The core value of the Boomers is individualism. They have been identified as the “me generation.” Underlying their individualistic orientation in the assumption that society has afforded too much power to collectivities such as the family, community, and religion. The perception of the Boomers is that these collectivities inhibit and repress the individual. Their objective has been to diminish the power of the collectivity and thereby assure more autonomy for the individual… One of the by-products of hyper-individualism is the diminution of the basic capacity of society and its collectivities, the family, community and religion, to influence the lives of people, either in the sense of support or restraints.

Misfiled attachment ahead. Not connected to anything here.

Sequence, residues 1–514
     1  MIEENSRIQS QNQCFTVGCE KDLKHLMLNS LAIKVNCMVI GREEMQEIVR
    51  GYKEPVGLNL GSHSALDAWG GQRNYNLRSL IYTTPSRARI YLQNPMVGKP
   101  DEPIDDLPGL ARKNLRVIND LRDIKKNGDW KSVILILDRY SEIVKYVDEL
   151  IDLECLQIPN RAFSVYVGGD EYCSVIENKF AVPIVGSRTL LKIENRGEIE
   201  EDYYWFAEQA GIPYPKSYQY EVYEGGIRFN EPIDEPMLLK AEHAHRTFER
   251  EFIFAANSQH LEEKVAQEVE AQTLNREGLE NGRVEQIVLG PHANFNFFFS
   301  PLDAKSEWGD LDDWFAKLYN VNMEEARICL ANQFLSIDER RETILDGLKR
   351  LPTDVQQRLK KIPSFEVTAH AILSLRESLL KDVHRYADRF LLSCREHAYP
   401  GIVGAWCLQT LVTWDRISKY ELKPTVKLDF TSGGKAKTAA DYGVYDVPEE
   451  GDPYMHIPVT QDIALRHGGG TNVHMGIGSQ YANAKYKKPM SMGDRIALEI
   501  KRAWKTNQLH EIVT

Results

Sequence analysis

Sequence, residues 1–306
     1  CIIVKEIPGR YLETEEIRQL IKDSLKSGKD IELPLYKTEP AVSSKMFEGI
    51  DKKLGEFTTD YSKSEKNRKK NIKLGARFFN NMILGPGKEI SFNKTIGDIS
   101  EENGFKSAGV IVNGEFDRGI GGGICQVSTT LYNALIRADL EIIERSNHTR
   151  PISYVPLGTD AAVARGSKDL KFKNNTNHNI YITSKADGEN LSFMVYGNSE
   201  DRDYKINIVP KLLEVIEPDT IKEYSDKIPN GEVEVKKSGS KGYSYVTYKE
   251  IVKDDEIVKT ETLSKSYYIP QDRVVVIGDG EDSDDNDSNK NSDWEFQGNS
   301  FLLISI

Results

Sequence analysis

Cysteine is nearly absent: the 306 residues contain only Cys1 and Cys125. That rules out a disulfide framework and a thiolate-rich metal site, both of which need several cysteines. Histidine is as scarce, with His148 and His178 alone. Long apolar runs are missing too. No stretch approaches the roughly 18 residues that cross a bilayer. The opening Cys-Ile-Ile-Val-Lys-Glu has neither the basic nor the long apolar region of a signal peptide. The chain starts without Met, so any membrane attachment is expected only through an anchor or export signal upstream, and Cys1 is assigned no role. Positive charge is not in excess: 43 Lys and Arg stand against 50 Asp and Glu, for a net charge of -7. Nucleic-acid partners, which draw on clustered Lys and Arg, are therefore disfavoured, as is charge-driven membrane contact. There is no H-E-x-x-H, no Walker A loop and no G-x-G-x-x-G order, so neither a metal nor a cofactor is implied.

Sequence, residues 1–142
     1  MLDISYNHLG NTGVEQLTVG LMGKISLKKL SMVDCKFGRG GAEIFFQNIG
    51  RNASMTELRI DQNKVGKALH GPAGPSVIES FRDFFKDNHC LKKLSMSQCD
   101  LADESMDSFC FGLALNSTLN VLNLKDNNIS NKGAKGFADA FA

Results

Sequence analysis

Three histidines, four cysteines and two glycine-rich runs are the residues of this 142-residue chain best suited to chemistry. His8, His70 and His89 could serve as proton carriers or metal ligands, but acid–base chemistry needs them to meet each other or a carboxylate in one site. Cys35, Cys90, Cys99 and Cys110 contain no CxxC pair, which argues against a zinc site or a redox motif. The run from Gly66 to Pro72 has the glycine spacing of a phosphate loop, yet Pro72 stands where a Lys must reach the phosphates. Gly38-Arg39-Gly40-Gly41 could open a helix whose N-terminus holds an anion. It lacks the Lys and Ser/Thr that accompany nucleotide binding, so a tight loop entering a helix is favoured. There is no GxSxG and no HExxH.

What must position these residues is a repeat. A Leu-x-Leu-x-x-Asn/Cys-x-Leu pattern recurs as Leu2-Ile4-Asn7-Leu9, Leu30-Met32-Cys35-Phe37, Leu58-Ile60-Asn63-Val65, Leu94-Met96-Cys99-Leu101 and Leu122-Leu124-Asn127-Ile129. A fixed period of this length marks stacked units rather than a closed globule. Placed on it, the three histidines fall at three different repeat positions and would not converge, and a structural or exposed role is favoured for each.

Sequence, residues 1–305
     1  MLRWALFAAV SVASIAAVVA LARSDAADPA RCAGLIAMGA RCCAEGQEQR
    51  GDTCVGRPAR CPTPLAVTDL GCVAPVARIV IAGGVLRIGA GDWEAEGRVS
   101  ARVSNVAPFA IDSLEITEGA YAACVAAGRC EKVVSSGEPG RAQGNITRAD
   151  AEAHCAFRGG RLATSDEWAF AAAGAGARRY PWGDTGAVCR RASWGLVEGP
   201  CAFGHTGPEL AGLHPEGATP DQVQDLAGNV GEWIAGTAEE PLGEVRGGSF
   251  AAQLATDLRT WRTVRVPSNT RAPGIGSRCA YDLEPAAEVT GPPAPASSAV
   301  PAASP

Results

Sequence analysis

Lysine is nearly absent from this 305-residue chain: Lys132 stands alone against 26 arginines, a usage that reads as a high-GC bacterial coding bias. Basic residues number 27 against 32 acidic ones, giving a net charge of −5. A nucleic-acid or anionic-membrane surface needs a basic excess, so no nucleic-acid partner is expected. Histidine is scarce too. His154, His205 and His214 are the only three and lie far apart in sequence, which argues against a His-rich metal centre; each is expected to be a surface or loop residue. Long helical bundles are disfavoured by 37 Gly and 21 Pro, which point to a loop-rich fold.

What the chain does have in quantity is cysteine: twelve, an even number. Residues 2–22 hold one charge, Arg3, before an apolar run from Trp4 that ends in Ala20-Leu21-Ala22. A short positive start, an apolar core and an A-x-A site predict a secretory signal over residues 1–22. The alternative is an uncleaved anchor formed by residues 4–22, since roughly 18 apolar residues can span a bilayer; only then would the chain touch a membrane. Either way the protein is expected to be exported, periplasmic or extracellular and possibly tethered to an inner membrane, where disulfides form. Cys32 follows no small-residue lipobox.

This is a fairly concise and accurate description of boomer individualism, but Reisman actually doesn’t go far enough. As a religious intellectual, Reisman is concerned with baby boomer’s relative lack of adherence to the authority of traditional institutions like the family, community, and religion. However, I would argue that boomer individualism also applies equally to other institutions like trade unions, government, and the welfare state. Right wing libertarianism and today’s crop of neoliberal boomer democrats come from the same root ideology. A selfish, disingenuous, performative leftism born of base desires for sex, drugs and rock and roll, a rebelliousness against parental and societal restrictions in youth, dovetails perfectly into an adult rebelliousness against financial and governmental regulations and the social strictures of great society era probity with regards to greed.